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The Earthquake in Japan: How Short is Our Interim of Grace

March 14, 2011 Leave a comment

Amos 3, in verses 4 – 6, puts forth three sets of “before” and “after” events.  The first one shows the “before” — when it is time to avert disaster.  The second phrase shows the “after” when the event has passed and the opportunity missed:

Before:  ​​​​​​​​Does a lion roar in the forest, when he has no prey?    — No, the lion keeps quiet until he finds his prey.
After:   Does a young lion cry out from his den, if he has taken nothing? — By now the lion has caught the prey

Before:  ​​​​​​​​​Does a bird fall in a snare on the earth, when there is no trap for it?
After:  Does a snare spring up from the ground, when it has taken nothing?

And more clearly in verse 6,
Before:  Is a trumpet blown in a city, and the people are not afraid?
After: Does disaster come to a city, unless the Lord has done it?

The personal application is clear.  As S. Lewis Johnson observed in this Amos message, sometimes in our lives we have opportunities to do certain things.  Then come seasons in our lives of lost opportunities, for the things we wish we had done.  In between, we live in this interim of grace, before judgment has fallen.

Early Sunday morning as I began my Bible reading time, the sun was shining so brightly, and what it represented came to me so clearly: this is still the day of grace, the time to seek the Lord.  As the song goes, “His mercies are new every morning,” and “great is Thy faithfulness.”

It was hard to believe, looking at the sun shining so brightly and calmly here, that calamity had struck another part of the world — so remote, and surely things here continue the same as always (the common thought that such things can never happen here).

But that terrible earthquake is surely just as much a reminder of our sovereign God and His mighty power, so terrible to behold.  For many thousands of people in Japan, their day of grace has ended, their time of opportunity gone.  This earthquake also is a reminder of the dreadful judgment certain to come to the whole world, that this interim of grace has an end — when the grace of God finally ends and wrath comes to the lost instead.  We presume on God’s grace if we continue to think things will just go on as always.

It seems also that we are getting a preview of things to come, as described in Luke 21:25-26:  the nations distressed, in perplexity because of the roaring of the sea and the waves.

The Means of Grace

October 23, 2010 Leave a comment

I just recently learned the phrase “means of grace,” as a Christian expression that goes back at least several hundred years in Christian history.  A recent BibChr post highlighted both terms in its reference to another blogger who considered whether private devotions were more of a “spiritual discipline” instead of “means of grace.”  As Dan Phillips and others observed, it’s really a “both / and” rather than one aspect (public worship) being more important or “higher level” than the other.

I had recently come across the words in a few places, such as J.C. Ryle’s Holiness, but through the above blog and related conversation I became aware of the “definition” status of the phrase.  From reading on the subject since, I tend to agree that the older term, “means of grace,” is to be preferred over the modern, more limited idea of “spiritual disciplines.”  As with other new “key terms” I come across, I also googled the phrase in the transcripts of several Christian preachers, and found it used by J.C. Ryle, C.H. Spurgeon, S. Lewis Johnson, and John MacArthur.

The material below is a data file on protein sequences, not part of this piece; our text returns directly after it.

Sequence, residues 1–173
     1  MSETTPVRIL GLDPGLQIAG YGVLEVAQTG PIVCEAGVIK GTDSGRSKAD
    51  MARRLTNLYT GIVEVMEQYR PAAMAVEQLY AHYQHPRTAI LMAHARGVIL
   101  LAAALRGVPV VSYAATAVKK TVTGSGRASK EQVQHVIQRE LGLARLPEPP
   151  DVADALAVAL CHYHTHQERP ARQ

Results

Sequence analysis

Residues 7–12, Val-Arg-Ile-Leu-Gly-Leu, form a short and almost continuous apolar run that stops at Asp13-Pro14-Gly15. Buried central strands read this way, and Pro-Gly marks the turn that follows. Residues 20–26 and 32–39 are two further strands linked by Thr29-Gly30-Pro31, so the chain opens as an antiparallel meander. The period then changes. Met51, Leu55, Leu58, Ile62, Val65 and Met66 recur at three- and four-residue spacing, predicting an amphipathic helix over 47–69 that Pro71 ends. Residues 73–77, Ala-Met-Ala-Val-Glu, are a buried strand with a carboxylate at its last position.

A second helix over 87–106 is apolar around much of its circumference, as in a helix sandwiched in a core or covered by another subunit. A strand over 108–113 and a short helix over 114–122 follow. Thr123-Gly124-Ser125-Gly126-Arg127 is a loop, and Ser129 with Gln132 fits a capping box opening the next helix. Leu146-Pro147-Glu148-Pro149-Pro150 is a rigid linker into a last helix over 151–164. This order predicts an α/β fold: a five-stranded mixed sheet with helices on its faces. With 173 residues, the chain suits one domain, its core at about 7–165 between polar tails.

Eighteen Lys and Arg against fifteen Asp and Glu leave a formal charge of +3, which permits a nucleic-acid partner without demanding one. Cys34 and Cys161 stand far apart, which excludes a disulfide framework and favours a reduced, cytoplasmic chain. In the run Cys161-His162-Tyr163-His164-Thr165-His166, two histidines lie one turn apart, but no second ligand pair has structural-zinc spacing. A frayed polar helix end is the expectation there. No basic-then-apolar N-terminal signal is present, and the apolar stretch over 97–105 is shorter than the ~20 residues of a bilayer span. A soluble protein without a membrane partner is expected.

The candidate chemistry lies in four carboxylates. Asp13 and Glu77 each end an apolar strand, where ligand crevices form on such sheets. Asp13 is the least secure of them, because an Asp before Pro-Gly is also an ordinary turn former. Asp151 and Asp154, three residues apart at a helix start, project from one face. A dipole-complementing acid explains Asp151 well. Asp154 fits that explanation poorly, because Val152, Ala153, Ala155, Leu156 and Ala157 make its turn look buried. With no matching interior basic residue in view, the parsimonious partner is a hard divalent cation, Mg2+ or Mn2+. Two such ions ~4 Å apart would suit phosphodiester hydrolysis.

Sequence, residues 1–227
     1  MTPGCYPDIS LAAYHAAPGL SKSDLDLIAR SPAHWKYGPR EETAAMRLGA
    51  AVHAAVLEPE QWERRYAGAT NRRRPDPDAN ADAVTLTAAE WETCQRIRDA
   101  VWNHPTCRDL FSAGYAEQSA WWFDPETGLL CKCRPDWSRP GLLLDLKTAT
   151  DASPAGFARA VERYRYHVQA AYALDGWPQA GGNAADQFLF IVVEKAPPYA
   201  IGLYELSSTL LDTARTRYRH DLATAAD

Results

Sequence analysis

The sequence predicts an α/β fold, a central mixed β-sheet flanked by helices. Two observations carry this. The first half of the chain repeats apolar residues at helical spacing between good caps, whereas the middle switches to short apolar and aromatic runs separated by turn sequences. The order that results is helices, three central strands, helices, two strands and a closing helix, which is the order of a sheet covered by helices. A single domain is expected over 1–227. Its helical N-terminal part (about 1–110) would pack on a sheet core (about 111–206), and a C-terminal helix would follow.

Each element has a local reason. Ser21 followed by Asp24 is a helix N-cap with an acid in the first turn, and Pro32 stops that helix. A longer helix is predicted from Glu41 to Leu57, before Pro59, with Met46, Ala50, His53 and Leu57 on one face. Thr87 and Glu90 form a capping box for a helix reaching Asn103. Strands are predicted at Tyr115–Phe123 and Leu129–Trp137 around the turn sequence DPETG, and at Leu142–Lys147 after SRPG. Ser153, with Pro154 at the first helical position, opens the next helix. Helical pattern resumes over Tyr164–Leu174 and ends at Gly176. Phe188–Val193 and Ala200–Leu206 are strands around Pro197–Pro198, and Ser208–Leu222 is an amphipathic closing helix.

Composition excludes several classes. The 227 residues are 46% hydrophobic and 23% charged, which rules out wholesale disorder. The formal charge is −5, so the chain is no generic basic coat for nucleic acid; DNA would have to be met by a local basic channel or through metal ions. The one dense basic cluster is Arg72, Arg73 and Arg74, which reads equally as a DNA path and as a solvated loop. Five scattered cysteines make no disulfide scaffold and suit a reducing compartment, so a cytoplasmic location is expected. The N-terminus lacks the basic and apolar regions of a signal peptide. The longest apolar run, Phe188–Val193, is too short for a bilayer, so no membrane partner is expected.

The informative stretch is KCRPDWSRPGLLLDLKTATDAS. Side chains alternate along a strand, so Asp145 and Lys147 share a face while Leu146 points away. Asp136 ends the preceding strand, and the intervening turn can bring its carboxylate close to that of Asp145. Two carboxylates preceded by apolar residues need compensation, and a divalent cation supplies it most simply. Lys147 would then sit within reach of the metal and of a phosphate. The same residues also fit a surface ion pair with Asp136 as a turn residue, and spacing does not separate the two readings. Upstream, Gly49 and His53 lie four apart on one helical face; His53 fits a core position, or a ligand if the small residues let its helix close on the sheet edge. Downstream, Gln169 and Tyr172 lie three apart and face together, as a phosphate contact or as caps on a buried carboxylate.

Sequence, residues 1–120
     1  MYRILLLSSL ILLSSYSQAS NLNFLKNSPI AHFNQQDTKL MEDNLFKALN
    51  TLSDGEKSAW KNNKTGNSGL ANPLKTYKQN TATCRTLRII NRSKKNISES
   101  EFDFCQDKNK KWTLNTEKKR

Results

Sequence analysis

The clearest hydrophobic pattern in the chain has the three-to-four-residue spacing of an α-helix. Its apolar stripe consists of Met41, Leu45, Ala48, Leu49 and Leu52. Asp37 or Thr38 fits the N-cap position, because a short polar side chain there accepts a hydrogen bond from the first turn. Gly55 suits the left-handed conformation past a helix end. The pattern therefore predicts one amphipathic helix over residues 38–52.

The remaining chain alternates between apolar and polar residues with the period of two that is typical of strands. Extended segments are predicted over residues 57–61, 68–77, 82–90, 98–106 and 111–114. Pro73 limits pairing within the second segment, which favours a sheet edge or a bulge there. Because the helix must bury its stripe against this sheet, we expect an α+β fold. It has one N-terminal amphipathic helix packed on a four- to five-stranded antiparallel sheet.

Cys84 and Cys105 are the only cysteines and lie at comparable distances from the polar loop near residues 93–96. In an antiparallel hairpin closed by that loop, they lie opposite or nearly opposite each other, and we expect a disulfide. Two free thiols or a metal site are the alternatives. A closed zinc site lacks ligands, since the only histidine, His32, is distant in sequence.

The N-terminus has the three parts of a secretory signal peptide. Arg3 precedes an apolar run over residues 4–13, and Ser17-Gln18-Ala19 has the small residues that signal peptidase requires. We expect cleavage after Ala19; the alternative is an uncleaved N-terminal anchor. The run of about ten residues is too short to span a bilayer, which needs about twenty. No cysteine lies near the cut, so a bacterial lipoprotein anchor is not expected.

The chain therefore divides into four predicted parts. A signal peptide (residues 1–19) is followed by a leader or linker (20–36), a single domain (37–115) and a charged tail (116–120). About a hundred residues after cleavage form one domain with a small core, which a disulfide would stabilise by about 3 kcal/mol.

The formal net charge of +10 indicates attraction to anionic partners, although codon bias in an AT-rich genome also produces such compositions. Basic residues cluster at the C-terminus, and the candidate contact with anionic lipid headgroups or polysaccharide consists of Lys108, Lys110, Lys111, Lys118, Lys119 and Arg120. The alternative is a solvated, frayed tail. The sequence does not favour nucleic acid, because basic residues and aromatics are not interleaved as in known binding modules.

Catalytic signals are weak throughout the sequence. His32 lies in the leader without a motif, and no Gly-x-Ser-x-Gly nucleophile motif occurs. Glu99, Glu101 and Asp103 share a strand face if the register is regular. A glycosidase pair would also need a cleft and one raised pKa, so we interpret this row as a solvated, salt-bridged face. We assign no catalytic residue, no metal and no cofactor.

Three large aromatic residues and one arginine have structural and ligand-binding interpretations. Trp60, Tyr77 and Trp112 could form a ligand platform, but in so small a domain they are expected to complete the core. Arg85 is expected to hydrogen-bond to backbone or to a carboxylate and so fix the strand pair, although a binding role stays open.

Here is a good definition from J.C. Ryle (Holiness, chapter 2: Sanctification):

Sanctification depends greatly on a diligent use of scriptural means. The “means of grace” are such as Bible reading, private prayer, and regularly worshiping God in Church, wherein one hears the Word taught and participates in the Lord’s Supper. . .  They are appointed channels through which the Holy Spirit conveys fresh supplies of grace to the soul and strengthens the work which He has begun in the inward man.

Other general definitions on the web agree, that the “means of grace” are the “means” by which God gives us grace in our daily lives:  Bible reading, prayers, devotions, listening to sermons, and public worship including participation in the Lord’s Supper.

As for the “private versus public” issue, I would agree that both are needed.  In my own experience, the private Bible reading, study, blog writing-extension, and reading and listening to good sermons has been more helpful than “mere” corporate worship.  Certainly, though, in the years when my personal time with God was more limited, to a cursory, once-a-year reading through the Bible, the twice a week church service had little effect on my overall life.  I certainly did not grow in the knowledge and grace of God during those years, but more easily lapsed into the daily cares of the world during the week.  I cannot do anything about my current corporate worship situation — obviously God has His purposes in keeping me here — but continue to greatly benefit from the wisdom (and very practical advice) of great saints such as Spurgeon and J.C. Ryle.  Even this week, I learned from Spurgeon  (#147, The Sound in the Mulberry Trees) the importance of not doing anything to impede a weaker brother:  do not verbally criticize a sermon, as the person who hears the criticism may well have been moved by something he found good in that sermon.  Say, rather, that “Well, it was not the sermon for me.”

Another great Internet resource on the topic of “Means of Grace” is  Bob DeWaay’s  article, “Means of Grace: God’s Provision for Our Salvation and Sanctification.”  Along with a discussion of the public and private means of grace is the following gem of insight concerning communion:

what should be true whenever we receive communion. 1) We receive it in faith, trusting not in the act of taking communion, but in the finished work of Christ. 2) We do so in remembrance of the Lord, thus being linked with all of the redeemed who have done likewise since the Last Supper, sharing a common hope. 3) We receive communion as a proclamation of the gospel hope, publicly declaring the reason for our hope. 4) When we receive communion we are longing for the Lord’s return to physically share that fourth cup with us. 5) When we receive communion we are expressing our hope in the future kingdom of God in which all true people of faith are reunited with their Lord and recline in table fellowship together.